On September 9, 1965, Simon Fraser University officially opened its doors. There wasn’t much here at first — even the fourth wall of the Academic Quadrangle was still under construction — but one thing it did get very quickly was a student publication.
Printing its first rough, mimeographed, stapled-together issue on September 17, The Tartan was SFU’s “instant” student newspaper. It ran for six issues before the creation of a rival paper forced a merger for what would become The Peak.
While The Peak is the only publication that has survived, it was not alone in SFU’s early media landscape. For the first two years, the students also produced an extremely professional Yearbook which did not feature the typical pictures of the graduating class, but instead told the story of the year with photos and text which are to this day some of the finest historical records we have for the early years of Simon Fraser. There was also a briefly published monthly opinions-magazine entitled Compass which went beyond the capabilities of a newspaper and gave students a place to voice their uncensored thoughts on a broad range of topics.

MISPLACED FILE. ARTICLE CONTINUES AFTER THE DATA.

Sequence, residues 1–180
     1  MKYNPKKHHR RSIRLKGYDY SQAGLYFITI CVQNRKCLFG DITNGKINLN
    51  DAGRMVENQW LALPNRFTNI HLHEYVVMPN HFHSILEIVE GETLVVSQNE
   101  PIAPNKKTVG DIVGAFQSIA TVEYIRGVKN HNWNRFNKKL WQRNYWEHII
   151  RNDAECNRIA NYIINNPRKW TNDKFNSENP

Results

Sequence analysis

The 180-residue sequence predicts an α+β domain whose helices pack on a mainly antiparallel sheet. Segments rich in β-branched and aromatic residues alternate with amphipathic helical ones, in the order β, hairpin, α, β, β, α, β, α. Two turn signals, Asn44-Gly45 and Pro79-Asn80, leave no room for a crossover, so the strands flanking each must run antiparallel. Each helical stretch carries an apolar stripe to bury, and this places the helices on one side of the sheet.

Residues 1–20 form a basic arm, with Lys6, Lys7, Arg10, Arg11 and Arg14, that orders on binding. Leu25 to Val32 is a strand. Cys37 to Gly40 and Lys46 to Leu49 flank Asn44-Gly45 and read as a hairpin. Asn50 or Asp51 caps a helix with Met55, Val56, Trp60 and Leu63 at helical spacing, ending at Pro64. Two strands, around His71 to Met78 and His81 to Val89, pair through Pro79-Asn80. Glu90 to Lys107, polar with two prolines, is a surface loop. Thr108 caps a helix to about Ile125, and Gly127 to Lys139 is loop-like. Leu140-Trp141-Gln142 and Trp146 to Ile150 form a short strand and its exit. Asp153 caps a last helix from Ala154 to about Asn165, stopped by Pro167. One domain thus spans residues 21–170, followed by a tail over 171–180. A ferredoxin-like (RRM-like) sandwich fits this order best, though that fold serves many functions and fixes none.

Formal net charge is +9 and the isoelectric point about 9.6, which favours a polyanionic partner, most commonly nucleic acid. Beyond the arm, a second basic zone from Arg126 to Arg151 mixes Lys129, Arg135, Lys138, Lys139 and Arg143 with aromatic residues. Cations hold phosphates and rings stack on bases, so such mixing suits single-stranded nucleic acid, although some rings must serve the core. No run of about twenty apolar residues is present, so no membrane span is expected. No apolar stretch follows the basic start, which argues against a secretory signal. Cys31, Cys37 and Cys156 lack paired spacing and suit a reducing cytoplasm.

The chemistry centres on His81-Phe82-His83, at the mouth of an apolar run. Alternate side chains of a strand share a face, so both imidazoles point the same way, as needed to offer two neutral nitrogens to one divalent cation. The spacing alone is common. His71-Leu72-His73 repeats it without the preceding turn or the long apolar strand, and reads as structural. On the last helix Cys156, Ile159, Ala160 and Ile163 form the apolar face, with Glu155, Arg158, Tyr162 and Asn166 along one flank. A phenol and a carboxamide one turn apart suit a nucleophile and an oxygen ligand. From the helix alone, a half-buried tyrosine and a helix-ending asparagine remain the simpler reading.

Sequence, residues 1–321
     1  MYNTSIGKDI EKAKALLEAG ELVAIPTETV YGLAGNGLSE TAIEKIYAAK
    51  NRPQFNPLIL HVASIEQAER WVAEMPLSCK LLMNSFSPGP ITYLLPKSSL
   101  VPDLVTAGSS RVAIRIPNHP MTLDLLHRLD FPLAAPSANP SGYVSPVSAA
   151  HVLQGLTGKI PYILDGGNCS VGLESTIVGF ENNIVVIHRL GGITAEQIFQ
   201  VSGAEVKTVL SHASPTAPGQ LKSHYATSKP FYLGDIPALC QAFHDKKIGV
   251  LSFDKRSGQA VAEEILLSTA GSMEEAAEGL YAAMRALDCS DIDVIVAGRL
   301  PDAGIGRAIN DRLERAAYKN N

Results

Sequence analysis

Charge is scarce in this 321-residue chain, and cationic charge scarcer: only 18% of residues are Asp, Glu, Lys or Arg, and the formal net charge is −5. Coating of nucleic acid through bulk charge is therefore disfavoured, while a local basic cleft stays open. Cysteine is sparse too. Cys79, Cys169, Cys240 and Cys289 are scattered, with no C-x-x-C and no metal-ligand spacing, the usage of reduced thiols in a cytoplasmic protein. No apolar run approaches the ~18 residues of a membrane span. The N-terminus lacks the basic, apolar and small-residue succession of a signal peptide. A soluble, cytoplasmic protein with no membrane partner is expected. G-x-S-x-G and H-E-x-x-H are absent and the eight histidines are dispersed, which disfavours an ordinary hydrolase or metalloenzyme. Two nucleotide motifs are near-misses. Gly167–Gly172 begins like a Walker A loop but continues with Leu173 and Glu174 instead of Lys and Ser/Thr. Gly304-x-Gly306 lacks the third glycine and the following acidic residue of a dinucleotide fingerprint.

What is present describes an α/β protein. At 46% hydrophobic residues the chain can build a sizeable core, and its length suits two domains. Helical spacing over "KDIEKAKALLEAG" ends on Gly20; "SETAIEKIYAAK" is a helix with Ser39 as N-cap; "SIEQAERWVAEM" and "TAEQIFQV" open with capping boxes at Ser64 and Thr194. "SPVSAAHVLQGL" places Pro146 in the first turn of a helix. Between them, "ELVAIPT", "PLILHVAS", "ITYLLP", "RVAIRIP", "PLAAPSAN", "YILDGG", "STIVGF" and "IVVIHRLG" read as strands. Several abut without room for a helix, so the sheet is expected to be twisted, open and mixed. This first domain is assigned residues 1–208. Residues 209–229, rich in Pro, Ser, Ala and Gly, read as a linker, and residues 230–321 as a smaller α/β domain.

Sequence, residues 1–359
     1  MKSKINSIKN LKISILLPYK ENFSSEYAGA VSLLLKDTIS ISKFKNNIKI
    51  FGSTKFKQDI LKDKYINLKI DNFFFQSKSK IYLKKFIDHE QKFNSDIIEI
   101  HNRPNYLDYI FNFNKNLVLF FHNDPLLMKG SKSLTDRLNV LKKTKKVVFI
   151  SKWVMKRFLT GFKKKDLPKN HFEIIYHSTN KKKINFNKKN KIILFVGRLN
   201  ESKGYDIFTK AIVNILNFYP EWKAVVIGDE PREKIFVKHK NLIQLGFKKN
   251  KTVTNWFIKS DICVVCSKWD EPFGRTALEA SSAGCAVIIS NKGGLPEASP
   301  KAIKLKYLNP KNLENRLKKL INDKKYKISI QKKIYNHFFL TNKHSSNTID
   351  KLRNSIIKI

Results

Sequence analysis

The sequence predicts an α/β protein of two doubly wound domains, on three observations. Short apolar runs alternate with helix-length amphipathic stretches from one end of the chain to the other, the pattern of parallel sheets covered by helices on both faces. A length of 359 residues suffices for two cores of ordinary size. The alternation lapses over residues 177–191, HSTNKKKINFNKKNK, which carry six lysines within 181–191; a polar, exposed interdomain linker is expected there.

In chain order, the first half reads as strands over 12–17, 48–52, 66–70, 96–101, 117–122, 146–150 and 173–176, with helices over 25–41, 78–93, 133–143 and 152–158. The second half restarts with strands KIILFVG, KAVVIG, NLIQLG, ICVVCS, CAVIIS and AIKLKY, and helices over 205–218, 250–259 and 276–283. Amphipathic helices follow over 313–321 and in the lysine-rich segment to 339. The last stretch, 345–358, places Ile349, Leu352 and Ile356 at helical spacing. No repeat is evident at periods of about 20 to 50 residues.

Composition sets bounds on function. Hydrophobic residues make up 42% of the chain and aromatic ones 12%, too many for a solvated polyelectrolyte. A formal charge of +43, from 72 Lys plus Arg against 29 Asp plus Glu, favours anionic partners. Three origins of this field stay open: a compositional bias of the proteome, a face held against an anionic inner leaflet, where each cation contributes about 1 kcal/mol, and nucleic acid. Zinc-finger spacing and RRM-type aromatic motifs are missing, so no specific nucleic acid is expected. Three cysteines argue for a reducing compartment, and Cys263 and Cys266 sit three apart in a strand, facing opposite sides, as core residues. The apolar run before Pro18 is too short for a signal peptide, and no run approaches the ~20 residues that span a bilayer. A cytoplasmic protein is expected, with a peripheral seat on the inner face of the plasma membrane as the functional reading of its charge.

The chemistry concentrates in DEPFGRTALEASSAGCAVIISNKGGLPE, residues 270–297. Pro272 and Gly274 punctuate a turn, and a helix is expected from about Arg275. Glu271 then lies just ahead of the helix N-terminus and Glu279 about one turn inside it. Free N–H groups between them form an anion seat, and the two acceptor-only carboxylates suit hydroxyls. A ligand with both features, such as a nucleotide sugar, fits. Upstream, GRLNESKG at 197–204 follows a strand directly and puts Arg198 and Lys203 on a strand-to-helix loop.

Both Compass and the Yearbook faced the same demise due to one simple reason: lack of money. Since 1965, there have been countless publications which have come and gone due to funding problems. From the off-colour science newsletter The Purple Period, to Cheap Thrills: a magazine dedicated to “the unprogrammed exposure of what’s going on around us”, to SFU Komix: “the only REAL SFU comics”, to Vulcan Mail: “the semesterly magazine of The Gamesters of Triskelion”, as well as a number of literary magazines from The Peak and other student groups, SFU’s desire for broader and more diverse media has never been fully realized.
In 1995 however, in becoming fully autonomous from the student society, The Peak Publications Society was created. While the organization has grown exponentially since the society began, it has continued to attempt to do everything under one publication. While news has stayed as a consistent focus of The Peak, a lot of other writing has never had a permanent place. Fiction and poetry have never had a consistent home and long-form features have never quite got the space or spotlight they deserve either.
The new Tartan is an attempt to hopefully inspire an increase in a variety of publications and media at SFU. This special first edition of The Tartan magazine is not only a celebration of the milestone of SFU turning 50 years old, it’s a pilot for what we hope can become a regular semesterly publication. While it may end up being just another here-today, gone-tomorrow SFU publication, we believe that, with your support, The Tartan could be the start of something wonderful.